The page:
The Bank of Montreal says the entrepreneurial spirit is alive and well among young Canadians.
According to the bank, almost half of Canadian post-secondary students surveyed – 46 per cent – said they see themselves starting a business after graduation.
BMO said that some see their planned new business as a primary source of income while others see it as a secondary source.
The findings came out of a survey conducted by Pollara, which asked Canadian post-secondary students about career prospects and their aspirations to own their own business.
The results found less than a third of those surveyed – just 29 per cent – were very confident they could find a job in their own field after graduation.
Among other findings of the survey: Males, by a margin of 53 per cent to 40 per cent, were more likely to start a business. Meanwhile, more males than females – 38 per cent versus 22 per cent – were also very confident of being able to find a job in their fields.
“Our research tells us that a number of students are unsure if they will end up working in their field of study,” said Steve Murphy, senior vice-president, commercial banking.
“The good news is, this means they will look to other post-graduate opportunities as a form of income, which could include starting a business.”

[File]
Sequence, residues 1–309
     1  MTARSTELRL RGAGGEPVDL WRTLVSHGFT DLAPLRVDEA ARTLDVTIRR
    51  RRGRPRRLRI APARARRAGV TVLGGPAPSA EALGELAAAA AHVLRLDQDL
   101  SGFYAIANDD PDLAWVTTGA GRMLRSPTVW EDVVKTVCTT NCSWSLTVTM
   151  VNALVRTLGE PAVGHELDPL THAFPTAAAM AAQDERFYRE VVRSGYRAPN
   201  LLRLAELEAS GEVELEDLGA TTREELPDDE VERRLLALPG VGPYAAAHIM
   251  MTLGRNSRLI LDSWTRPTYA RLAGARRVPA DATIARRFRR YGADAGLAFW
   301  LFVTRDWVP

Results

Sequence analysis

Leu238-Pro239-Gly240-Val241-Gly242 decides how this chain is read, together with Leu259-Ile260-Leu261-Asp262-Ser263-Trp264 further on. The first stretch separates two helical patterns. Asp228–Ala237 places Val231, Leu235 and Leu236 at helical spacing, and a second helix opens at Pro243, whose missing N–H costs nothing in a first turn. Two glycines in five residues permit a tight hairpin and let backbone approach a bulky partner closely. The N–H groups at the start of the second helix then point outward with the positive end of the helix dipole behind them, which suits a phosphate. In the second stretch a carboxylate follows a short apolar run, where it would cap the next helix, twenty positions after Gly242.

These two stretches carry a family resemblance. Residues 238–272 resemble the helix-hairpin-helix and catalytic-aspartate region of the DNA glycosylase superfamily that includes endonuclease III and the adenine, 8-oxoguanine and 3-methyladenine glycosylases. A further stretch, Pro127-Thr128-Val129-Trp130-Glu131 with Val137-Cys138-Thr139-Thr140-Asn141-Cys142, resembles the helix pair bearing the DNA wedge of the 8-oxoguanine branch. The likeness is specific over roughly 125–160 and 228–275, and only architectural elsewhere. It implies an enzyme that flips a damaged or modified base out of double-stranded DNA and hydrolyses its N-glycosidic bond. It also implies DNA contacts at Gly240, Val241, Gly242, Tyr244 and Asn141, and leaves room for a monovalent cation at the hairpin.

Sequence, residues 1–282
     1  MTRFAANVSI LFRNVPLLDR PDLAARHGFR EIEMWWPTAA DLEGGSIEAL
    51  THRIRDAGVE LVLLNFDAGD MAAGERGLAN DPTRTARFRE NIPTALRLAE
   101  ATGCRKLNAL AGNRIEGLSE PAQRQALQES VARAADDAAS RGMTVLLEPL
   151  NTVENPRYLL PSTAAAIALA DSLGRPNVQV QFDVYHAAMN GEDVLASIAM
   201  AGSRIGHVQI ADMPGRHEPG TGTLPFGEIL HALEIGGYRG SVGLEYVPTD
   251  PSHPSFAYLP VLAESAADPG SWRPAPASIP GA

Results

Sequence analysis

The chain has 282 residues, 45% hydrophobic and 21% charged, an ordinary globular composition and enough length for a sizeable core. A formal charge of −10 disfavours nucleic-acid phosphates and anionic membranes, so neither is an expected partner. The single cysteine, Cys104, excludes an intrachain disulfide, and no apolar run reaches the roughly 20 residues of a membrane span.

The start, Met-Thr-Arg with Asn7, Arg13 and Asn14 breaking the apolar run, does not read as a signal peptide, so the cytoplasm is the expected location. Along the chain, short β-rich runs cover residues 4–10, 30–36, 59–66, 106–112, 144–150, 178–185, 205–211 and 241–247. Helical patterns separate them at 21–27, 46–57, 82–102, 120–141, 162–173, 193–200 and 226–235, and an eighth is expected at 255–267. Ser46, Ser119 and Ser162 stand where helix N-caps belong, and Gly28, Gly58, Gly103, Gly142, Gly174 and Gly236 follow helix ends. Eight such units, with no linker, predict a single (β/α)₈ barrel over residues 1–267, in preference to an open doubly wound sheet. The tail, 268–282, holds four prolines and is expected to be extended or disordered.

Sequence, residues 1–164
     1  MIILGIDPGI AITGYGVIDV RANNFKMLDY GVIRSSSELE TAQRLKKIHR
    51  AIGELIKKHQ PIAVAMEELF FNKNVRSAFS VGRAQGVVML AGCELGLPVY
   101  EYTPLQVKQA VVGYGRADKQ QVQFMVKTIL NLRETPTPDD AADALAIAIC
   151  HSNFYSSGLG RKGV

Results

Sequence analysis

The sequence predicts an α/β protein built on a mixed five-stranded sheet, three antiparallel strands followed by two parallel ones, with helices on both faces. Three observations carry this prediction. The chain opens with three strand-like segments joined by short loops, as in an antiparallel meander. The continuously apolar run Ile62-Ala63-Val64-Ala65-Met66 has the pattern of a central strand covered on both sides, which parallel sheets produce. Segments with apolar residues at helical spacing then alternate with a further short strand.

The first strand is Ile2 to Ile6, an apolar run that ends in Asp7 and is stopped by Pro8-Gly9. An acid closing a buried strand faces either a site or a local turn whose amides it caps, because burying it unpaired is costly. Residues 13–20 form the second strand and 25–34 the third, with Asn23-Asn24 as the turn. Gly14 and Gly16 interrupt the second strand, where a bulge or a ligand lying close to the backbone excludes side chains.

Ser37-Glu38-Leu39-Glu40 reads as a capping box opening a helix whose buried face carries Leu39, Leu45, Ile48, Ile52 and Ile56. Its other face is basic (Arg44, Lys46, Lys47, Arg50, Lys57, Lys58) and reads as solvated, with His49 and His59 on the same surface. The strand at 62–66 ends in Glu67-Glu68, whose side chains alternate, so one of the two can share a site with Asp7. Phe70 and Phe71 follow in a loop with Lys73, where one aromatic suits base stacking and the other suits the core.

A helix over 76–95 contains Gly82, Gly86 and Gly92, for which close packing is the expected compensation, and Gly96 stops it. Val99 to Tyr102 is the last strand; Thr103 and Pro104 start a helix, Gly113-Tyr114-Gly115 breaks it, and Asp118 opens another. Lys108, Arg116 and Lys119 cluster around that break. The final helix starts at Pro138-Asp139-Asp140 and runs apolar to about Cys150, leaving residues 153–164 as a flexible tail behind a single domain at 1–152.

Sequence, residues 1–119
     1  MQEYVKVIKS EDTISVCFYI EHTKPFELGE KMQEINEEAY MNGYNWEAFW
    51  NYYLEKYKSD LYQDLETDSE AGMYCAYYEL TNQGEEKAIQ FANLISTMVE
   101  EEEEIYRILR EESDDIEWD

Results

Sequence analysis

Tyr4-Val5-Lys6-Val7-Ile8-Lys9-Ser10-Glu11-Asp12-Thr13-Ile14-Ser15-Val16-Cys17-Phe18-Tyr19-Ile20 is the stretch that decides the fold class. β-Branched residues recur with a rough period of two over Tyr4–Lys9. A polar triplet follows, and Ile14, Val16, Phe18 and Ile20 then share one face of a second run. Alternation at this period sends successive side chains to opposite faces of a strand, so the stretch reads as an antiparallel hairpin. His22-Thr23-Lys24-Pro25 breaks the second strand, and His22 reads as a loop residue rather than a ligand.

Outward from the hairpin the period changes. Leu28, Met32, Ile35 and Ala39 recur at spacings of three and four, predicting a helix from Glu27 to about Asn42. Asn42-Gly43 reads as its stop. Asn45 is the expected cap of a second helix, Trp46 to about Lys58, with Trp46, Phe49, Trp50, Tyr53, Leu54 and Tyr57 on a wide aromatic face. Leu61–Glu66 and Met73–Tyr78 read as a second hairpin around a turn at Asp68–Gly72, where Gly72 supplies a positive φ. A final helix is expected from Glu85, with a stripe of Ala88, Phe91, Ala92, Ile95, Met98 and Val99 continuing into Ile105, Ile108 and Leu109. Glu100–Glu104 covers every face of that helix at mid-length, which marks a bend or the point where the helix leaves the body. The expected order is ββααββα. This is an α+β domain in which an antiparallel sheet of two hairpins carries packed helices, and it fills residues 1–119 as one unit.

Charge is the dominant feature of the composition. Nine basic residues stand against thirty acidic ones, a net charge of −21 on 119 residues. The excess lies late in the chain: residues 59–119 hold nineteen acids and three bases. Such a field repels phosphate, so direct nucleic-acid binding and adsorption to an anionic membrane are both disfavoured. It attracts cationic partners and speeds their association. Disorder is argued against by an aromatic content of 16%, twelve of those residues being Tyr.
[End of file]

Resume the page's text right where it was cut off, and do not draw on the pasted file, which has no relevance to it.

Mr. Murphy described it as “encouraging to see Canadian post-secondary students and recent graduates who are ambitious, innovative and eager to contribute to Canada’s economy.”
By region, the greatest percentage of respondents who say they planned to start their own business was in British Columbia, at 50 per cent.
That was followed by Manitoba and Saskatchewan at 49 per cent, Ontario at 47 per cent, Quebec at 46 per cent, Atlantic Canada at 42 per cent and Alberta at 41 per cent.
According to Statistics Canada, approximately 130,000 new small businesses are created in Canada annually. These businesses are the key to driving employment, with more than 40 per cent of Canadians working for an organization with fewer than 100 employees.
Pollara conducted the online survey of 602 post-secondary students between July 22 and July 25. The polling industry’s professional body, the Marketing Research and Intelligence Association, says online surveys cannot be assigned a margin of error because they do not randomly sample the population.